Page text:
It seems clear, then, that the orator's triumphant declaration at the beginning of the speech—that the audience could now see their city "saved and restored"—signaled his intent to make the city itself an integral part of the perceptible proof that formed the chief subject matter of the oration. The sight of the city rising up around them is to be a sign to his audience of Cicero's great victory over the conspirators: that he had crushed them "without slaughter, without bloodshed, without an army, and without a battle" (23) and that he had "preserved both city and citizens whole and unharmed" (25). The difficulty of this strategy consisted in the very fact that the city was indeed "whole and unharmed" and appeared no different than it would have if the conspiracy had never existed.[77] In order to make the unchanged aspect of the city meaningful to his audience, then, Cicero must impress on their minds the indelible image of the city as it might have been had the conspiracy succeeded.

Cicero accomplishes this rhetorical aim by continually referring in the speech to the horrors to be envisioned if the city were to succumb to a hostile attack. Elements of such a description were part of the stock-in-trade of an orator of Cicero's time, for the "captured city" topos was a commonplace of ancient oratory.[78] Cicero's embroidery on this theme


was a mixture of the real and the imagined: Catiline's actual plans for arson and murder were supported by images familiar from the rhetorical topos, and the orator's report of the evidence seized from the conspirators serves as the starting point for references to limitless destruction and indiscriminate murder. In the passage from the exordium quoted above, Cicero had spoken of the "fire and sword" from which the city had been rescued, and a few lines later he pictures fire "placed under and all around" the buildings and walls of the city, and the conspirators' swords at the very necks of the citizens (2–3). In another passage the orator declares that Volturcius had testified before the Senate that the conspiracy included a plan to fire the city in all its parts, to massacre the populace, and even to intercept and cut down outside the walls those who attempted to flee (8).[79] The audience is then told of the disagreement between Lentulus and Cethegus as to when "the slaughter and the burning of the city" (10) should commence. Yet another reference to "the burning of the city" is made in connection with L. Cassius, who is pictured as overseeing the planned arson (14). Cicero also carefully quotes the language of the supplicatio decreed in his name by the Senate. In it the consul is thanked for having "freed the city from fire and the citizens from slaughter" (15).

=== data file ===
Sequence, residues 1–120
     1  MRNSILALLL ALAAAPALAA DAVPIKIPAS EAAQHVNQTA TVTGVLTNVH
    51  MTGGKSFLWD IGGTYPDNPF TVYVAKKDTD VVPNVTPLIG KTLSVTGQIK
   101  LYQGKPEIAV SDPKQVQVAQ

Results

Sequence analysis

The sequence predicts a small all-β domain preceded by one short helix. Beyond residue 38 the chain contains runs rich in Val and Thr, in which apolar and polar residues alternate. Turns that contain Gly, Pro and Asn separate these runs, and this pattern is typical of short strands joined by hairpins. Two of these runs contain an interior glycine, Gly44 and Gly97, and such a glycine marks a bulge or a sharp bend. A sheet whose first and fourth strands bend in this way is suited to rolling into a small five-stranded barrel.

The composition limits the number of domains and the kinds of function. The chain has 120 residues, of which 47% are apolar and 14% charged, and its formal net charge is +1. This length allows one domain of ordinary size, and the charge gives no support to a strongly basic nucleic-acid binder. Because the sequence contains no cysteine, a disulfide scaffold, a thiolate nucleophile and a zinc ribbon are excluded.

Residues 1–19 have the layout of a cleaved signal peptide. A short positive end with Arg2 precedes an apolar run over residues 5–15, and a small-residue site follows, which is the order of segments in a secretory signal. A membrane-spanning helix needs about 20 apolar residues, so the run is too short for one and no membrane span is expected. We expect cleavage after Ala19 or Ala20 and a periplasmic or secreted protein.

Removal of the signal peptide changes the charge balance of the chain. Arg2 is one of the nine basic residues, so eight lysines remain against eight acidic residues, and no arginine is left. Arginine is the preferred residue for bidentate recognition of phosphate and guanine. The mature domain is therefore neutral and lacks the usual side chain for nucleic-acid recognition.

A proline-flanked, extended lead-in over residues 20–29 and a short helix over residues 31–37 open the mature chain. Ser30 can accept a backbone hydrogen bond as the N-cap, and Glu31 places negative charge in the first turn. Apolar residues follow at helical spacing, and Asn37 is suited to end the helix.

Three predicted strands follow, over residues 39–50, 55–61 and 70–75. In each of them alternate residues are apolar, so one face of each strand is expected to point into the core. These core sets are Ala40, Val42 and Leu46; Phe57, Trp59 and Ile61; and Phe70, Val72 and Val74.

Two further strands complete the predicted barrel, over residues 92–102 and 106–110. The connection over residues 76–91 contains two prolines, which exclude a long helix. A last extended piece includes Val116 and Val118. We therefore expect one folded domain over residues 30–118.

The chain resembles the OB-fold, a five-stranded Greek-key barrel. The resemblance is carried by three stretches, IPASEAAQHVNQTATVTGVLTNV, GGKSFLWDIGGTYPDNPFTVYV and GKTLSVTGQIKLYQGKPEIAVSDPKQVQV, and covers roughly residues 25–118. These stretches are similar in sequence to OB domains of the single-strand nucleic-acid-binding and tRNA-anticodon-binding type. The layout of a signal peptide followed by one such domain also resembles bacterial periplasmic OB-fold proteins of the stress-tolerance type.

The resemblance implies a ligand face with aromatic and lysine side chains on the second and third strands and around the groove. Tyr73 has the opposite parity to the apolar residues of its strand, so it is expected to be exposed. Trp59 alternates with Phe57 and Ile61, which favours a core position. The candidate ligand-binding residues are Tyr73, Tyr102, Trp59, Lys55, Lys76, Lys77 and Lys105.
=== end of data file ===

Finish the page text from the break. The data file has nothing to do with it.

Such images culminate in a section that occurs towards the end of the speech. Here Cicero compares the aims of the conspirators with those of past instigators of civil strife. In the past, men did not wish that the Republic cease to exist, but rather that they should be the chief men in it. They did not desire to burn down the city, says Cicero, but wished that they might flourish in it (25). Only in this "war," which the orator calls the greatest and cruelest in human memory, have the opponents of the state held the opinion that any who were able to be safe while the city was intact should be considered their enemies. The section ends with Cicero's declaration that while the enemy had supposed that only that part of the city that fire was unable to destroy would remain, he had preserved the city and the citizens intact and unharmed (25). The hyperbole of this passage would have been supported by images of recent bloodshed and destruction still fresh in the audience's minds. When Cicero declares that Catiline would have exceeded past instigators of civil war in cruelty, he speaks to an audience who had themselves lived


through the horrors of the struggle between Marius and Sulla, and reminds them of the days when the Forum was strewn with "heaps of corpses" and "flowed with the blood of citizens" (24).[80]

Cicero further reinforces these images of destruction and murder by references to prophecy, omen, and the concept of an evil destiny that had threatened the city. The word fatum is introduced in the opening lines when Cicero declares the city to have been "snatched from the jaws of fate," and the same term reappears in the Gauls' account to the Senate of Lentulus's conversation with them. Lentulus had at that time told them that, according to the soothsayers, that very year would prove "fateful" for the destruction of the city and its imperium since it was the tenth since the acquittal of the Vestals and the twentieth since the burning of the Capitolium (9). The omens of 65 B.C. , when a number of monuments on the Capitol had been struck by lightning, are also mentioned. The soothsayers from Etruria had reported at that time the imminent danger of "murder, fire, the destruction of the laws, civil war, and the fall of the whole city and its imperium " (19).

Cicero's emphasis on the danger through which the city had passed was calculated not only to induce his audience to see their surroundings with new eyes; it also represented a celebration of his own actions at this time. The greater the peril in which Rome had stood, the more exalted ought to be the status of the man who had saved the city. It has already been noted that, in the opening line of the speech, Cicero had declared that the citizens now saw the Republic "snatched" (ereptam ) from imminent danger, "saved" (conservatam ), and "restored" (restitutam ). The last of these participles, restitutam, means literally "having been caused to stand again," and its conjunction with conservatam joins the idea of the salvation of the state with its restoration or reestablishment. While in this sentence Cicero states that the "saving and restitution" of the city has occurred both through the love of the gods and through his own "exertions, plans, and dangers," in the following lines he expands only on the latter theme. Here the happiness of the present day is compared with that on the day on which the city was founded, thereby reinforcing the suggestion contained in the joining of servatam and restitutam that this day was to be looked upon as a kind of refoundation. Not only are the founding of the city by Romulus and the saving of it by Cicero presented as commensurate events, but the consul seems